It has been well established that happy people are more likely to be healthy people, though this effect on well-being has been largely studied in respect to the individual. The American Psychology Association has recently released a study that attempts to see if, among middle- or older-aged adults, a happy spouse or partner could have an effect on one’s emotional or physical health. Interestingly, they did. More interestingly, this effect seemed to exceed or at least amplify the influence of an individual’s own personal happiness.
The study looked at 1,981 heterosexual couples, aged 50 to 94, and surveyed them about self-rated happiness, health, and physical activity over a six-year period. Eighty-four percent of participants where white, 8% were African American, and 6% were Hispanic. The questions included subjects like physical impairments, chronic illnesses, concerns about their spouse’s health, and personal ratings of happiness and life satisfaction.
In addition to confirming that personal happiness was a predictor of better self-health and exercise reports, spousal happiness was also shown to have a correlation with this outcome. Uniquely, spousal happiness appeared to have an influence “above and beyond” a person’s personal happiness. These effects were noticed regardless of whether a husband or wife was examined. The study wasn’t capable of giving an explanation for this finding, but the authors offer some possibilities:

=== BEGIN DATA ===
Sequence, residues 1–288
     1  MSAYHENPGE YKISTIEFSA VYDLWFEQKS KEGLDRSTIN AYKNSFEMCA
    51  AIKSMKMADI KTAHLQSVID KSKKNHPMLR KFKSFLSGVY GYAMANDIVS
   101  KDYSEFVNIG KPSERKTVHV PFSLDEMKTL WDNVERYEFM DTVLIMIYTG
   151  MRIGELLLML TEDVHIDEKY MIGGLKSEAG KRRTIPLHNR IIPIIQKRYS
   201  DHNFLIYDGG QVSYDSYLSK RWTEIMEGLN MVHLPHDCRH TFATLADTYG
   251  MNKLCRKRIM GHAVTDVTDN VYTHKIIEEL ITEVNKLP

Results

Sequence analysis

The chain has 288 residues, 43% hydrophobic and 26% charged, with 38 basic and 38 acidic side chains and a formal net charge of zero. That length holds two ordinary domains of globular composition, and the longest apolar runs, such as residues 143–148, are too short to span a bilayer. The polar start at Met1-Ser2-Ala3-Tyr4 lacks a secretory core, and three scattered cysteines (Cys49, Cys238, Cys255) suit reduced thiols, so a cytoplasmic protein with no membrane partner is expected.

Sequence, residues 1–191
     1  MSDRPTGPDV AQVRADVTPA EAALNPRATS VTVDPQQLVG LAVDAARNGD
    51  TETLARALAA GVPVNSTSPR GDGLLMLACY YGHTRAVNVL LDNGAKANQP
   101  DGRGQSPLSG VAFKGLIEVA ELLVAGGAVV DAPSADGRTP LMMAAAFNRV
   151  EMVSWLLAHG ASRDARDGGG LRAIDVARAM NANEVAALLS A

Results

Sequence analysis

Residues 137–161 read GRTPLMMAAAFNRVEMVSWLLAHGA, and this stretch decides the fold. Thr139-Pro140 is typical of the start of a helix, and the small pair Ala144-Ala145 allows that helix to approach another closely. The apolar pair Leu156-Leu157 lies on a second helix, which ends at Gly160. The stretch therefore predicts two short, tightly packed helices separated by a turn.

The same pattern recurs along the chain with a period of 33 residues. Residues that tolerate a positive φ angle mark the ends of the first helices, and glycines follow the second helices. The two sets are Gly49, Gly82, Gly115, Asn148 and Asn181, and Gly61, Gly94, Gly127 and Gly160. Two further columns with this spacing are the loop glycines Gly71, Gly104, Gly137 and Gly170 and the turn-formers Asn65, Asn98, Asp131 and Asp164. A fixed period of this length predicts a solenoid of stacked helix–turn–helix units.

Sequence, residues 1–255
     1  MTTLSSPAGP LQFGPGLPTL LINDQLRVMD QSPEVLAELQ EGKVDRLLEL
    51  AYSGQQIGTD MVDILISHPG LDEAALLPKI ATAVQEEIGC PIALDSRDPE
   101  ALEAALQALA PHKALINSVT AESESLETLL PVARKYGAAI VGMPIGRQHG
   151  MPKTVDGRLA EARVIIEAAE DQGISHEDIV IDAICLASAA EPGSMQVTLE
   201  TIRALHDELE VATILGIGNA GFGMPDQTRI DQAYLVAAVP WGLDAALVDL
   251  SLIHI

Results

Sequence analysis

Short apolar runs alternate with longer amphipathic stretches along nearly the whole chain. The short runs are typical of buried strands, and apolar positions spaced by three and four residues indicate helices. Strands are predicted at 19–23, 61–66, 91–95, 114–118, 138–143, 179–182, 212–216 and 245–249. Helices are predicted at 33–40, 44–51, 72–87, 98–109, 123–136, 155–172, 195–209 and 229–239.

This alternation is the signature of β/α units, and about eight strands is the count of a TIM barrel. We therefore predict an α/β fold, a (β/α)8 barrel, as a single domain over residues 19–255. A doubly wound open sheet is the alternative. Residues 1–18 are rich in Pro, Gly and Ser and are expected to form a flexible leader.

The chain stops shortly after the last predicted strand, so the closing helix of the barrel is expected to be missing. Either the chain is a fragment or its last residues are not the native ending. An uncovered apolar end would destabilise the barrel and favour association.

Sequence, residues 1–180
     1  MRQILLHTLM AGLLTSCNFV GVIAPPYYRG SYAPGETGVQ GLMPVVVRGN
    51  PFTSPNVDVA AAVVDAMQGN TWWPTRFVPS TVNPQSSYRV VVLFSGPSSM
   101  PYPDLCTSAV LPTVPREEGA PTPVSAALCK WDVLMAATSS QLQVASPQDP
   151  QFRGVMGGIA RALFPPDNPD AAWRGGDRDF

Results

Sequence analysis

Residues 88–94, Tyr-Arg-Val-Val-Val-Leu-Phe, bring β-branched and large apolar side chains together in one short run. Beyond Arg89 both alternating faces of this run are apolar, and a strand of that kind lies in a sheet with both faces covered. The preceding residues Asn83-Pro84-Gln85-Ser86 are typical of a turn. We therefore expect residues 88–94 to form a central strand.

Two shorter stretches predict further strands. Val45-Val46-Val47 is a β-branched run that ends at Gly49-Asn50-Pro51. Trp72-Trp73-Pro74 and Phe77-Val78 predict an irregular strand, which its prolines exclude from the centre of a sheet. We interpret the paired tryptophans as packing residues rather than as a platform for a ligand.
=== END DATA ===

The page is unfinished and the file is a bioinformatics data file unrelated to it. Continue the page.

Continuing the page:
- Happy partners are a better form of social support and caretaking
- Happy partners might get unhappy or unhealthy people involved with more positive activities, environments, or habits like eating more nutritious food or exercising
- A happy partner can make life easier in general, even if not directly happier
- The knowledge that one’s partner is happy and satisfied might curb personal desires for self-destructive behavior like drinking or drugs
The idea that being around happy people can help improve personal welfare is not particularly groundbreaking, though it is neat to see someone try and grab data to support the notion. Only older or middle-aged adult couples were covered by the study, so it isn’t clear whether the effect would apply to younger couples or even how big a time delay is required for the effect to start appearing.
One other thing that isn’t immediately clear is how (or if) the researchers controlled for this very effect in their analysis. If the happiness of a partner improves personal well-being and happiness, then how the researchers separate that effect from a person’s own happiness to get a baseline would matter for the final results. Or I’m just really over thinking this and should just leave things at “being with a happy person can make you happier and healthier.”
Chopik, W., et. al., “Happy You, Healthy Me? Having a Happy Partner is Independently Associated With Better Health in Oneself,” Health Psychology, 2016; 10.1037/hea0000432.